Obesity Facts and Statistics: What You Need to Know

Obesity is defined by a body mass index greater than 30 kilograms per square meter. According to the Centers for Disease Control and Prevention (CDC), 4 in 10 American adults have obesity, and rates of obesity have risen substantially over the last few decades. Obesity is associated with many serious health conditions, including heart disease, which is the leading cause of death. It is also associated with type 2 diabetes, cancer, arthritis, obstructive sleep apnea, and other conditions.

This article will highlight important facts about obesity, including rates of obesity in different groups, complications associated with obesity, and prevention.

Man talking to a healthcare provider in their office

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Screening for Obesity

Healthcare providers screen for obesity using the body mass index. This measurement is a ratio of weight in kilograms divided by body surface area in meters squared. In adults, obesity is defined as a BMI at or exceeding 30 kg/m2 .

BMI Categories
 Category  Body Mass Index (kg/m2)
 Underweight  < 18.5
 Healthy weight  18.5 - < 25
 Overweight  25 - < 30
 Obesity  > 30
Class 1 Obesity 30 - <35
Class 2 Obesity 35 - <40
Class 3 Obesity 40 and higher
table citation: CDC https://www.cdc.gov/obesity/basics/adult-defining.html

While the BMI is an easy tool used to screen for and diagnose obesity, it has limitations. BMI does not distinguish adipose (fat tissue) from muscle. For example, fit people with high muscle mass can have a high BMI since their body weight is higher due to muscle. Nor does it account for the differences in body shape or body fat between sexes, as females have a higher body fat percentage.

Common alternative measurements to the BMI for approximating body fat include:

  • Waist circumference
  • Waist to height ratio
  • Relative fat mass (an equation based on height, waist circumference, and sex)
  • Skinfold thickness, measured with calipers
  • Bioelectrical impedance, a technique the requires special equipment to estimate the body water content

How Common Is Obesity?

In the United States, obesity is common, and rates have significantly increased over the past decades. According to the CDC, as of 2020, approximately 40% of adults have clinical obesity in the United States, compared with about 30% in 2000.

Obesity is also becoming more common in children and adolescents, with nearly 20% of those aged 2 to 18 years having obesity, as defined by being above the 95th percentile for the age-BMI growth chart.

Disparities in Obesity Rates

Obesity is common in the United States but does not affect all populations equally. Disparities in rates of obesity exist among racial and ethnic groups and vary by socioeconomic status and geography. Multiple causes contribute to these disparities, including social determinants of health. These include behaviors on diet and level of activity, neighborhood and community factors, including access to health care, and environments conducive to physical activity.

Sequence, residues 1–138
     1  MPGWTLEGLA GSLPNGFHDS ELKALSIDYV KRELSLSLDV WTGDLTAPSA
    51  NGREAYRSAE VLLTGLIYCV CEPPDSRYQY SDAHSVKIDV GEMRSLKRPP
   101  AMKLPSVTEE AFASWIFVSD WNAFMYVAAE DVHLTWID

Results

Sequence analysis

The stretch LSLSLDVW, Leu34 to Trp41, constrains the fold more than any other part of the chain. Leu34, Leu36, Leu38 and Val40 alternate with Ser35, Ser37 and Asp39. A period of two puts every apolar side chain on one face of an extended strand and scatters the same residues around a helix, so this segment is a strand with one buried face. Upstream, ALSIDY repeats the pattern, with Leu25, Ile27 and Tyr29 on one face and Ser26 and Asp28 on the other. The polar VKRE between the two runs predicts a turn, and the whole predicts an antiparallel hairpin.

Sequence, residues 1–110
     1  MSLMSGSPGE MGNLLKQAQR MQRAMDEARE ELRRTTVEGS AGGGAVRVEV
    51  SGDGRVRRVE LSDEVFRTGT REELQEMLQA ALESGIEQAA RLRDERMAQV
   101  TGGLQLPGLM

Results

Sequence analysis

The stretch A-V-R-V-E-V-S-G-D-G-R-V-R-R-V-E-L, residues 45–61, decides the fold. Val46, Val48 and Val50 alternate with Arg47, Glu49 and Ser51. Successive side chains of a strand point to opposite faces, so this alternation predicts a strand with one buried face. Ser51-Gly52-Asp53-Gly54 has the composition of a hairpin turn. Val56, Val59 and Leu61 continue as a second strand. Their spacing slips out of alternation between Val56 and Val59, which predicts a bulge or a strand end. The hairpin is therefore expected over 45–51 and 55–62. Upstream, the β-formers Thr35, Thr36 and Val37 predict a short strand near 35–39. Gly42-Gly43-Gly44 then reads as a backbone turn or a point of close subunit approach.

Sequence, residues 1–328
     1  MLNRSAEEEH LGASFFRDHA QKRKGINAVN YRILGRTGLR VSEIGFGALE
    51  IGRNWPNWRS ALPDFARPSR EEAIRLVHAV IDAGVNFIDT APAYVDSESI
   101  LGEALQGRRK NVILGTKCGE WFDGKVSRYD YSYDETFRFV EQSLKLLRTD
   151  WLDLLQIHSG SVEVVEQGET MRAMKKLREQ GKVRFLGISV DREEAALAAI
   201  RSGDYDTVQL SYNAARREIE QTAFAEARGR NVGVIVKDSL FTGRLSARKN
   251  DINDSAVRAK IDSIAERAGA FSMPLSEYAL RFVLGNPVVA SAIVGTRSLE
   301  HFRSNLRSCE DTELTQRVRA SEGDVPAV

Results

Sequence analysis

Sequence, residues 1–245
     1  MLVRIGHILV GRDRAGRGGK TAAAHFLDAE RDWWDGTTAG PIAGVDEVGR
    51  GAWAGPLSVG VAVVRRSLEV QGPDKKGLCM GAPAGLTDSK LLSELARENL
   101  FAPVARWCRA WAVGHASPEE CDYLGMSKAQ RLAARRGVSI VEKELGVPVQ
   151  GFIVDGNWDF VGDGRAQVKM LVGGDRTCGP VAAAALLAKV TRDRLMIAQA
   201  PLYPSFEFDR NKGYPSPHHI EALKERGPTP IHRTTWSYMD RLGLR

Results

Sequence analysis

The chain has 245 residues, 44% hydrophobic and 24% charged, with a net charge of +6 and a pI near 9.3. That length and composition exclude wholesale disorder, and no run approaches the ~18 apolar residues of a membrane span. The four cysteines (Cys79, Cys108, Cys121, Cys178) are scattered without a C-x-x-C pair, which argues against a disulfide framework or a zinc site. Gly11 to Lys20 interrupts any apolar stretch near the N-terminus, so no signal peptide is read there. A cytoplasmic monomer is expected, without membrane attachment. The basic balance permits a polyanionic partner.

Obesity Disproportionately Affects Racial and Ethnic Groups

According to CDC data, rates of obesity in racial and ethnic groups are as follows:

Non-Hispanic Black adults: 49.9%

Hispanic adults: 45.6%

Non-Hispanic White adults: 41.4%

Non-Hispanic Asian adults: 16.1%

Obesity rates also vary by education level and income; however, the relationships are not straightforward or generally applicable since rates are inconsistent across gender and racial and ethnic identity. For example, while most groups with college degrees had lower rates of obesity, this was not the case for college-educated non-Hispanic Black men, whose rates of obesity were higher than those who did not attain a college degree.

Some sexual minority groups are also disproportionately affected by obesity. According to data from the Behavioral Risk Factor Surveillance System, those identifying as lesbian and bisexual had higher rates of obesity than those identifying as heterosexual.

Obesity Causes and Risk Factors

Obesity in the U.S. is often blamed on the American diet and sedentary lifestyle, which certainly contribute to the high prevalence in the United States. However, the reality is more nuanced. There are many varied and complex causes that contribute to obesity:

  • Sedentary lifestyle, including lack of exercise and the rise of sedentary professions. Physical inactivity is one of several contributors to the observed socioeconomic disparities in obesity rates in those who do not have a reliable or safe space for regular exercise.
  • Diet high in saturated fats, processed foods, and sweetened beverages
  • Lack of sleep
  • Longterm stress